It seems the Nationwide trend is to make collections more entertainment oriented in Public Libraries. Collections have more popular works, movies, music, which move faster. There are more computers to make the Internet available. It also seems older collections are being removed to make room for newer material. One of the attitudes I have seen is "if a nearby library has the it, we don't need it."
I have said there are legitimate reasons to remove books from a collection. Lack of use is one reason. Let me make a short case for keeping books which may not be used.
SPL has been a Depository Library for almost 130 years. We have long runs of unbroken annuals. Two examples are the American Ephemeris and Nautical Almanac from 1912 and the Statistical Abstract of the US from 1907. We are still receiving physical copies of both through FDLP. Neither are used extensively. The California State Library has complete sets.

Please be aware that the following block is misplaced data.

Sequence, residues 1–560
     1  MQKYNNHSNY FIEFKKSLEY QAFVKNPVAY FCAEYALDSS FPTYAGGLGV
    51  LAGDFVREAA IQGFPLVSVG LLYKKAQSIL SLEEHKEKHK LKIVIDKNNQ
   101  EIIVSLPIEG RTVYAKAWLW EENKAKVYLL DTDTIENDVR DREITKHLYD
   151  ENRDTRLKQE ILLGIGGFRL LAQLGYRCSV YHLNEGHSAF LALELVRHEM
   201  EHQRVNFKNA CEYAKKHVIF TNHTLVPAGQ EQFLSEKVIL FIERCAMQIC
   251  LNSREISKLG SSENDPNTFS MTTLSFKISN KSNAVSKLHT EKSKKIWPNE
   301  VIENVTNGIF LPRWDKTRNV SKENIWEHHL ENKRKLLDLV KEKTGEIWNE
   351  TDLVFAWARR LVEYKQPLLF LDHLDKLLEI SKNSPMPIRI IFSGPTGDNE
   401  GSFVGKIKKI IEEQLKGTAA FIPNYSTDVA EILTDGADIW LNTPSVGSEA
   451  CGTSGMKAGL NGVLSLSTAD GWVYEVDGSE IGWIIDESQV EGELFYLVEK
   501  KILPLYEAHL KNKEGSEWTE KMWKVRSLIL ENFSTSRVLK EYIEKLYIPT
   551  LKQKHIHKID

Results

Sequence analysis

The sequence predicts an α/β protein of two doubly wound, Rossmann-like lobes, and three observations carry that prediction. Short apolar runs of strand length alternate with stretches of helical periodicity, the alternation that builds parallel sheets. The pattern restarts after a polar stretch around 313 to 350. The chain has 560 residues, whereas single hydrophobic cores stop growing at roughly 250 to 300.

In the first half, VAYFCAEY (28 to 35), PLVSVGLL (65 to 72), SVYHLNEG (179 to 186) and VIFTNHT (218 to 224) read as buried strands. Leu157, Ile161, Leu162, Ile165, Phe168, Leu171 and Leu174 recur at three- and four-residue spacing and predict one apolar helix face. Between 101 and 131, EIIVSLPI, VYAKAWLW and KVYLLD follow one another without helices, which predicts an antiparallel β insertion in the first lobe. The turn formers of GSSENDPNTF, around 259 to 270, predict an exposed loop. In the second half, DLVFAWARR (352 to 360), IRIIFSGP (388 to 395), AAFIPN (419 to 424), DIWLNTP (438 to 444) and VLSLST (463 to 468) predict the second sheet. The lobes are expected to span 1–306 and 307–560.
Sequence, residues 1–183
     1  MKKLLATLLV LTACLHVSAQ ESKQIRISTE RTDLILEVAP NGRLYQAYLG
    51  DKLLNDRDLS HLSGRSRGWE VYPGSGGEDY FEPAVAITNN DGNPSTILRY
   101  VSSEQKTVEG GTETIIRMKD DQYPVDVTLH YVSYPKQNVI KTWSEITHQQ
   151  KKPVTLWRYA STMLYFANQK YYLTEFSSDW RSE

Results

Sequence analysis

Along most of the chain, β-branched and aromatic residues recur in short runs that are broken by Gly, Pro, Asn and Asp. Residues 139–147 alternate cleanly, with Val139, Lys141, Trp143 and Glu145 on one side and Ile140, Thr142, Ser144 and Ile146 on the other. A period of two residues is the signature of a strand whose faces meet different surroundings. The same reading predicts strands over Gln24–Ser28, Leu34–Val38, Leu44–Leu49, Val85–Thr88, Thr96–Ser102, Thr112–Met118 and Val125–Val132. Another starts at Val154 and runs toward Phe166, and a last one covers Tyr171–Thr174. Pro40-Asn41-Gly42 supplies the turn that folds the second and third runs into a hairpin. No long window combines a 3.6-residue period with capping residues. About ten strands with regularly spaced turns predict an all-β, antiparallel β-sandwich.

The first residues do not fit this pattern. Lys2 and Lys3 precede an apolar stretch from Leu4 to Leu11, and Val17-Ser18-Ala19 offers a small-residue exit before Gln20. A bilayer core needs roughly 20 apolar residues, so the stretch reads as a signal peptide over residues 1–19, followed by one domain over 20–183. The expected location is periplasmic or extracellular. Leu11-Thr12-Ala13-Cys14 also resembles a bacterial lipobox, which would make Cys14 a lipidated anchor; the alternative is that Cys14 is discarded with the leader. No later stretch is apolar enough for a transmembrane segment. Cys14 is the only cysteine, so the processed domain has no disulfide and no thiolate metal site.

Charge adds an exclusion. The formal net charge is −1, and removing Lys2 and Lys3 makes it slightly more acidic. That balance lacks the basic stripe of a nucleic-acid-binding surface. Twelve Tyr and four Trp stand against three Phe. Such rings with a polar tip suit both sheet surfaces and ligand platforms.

If CSL has them do we need them? No, we don't.
Should we keep them? Yes, we should.
Before current staff were in place, the Library was collecting these titles. We don't know what future staff will do with the collection. I think there should be a continuity of thinking throughout the life of the Library about certain elements of the collection. Do we owe staff of the past the obligation to continue their collection choices? Does future staff owe us a similar obligation?
Gerald F. Ward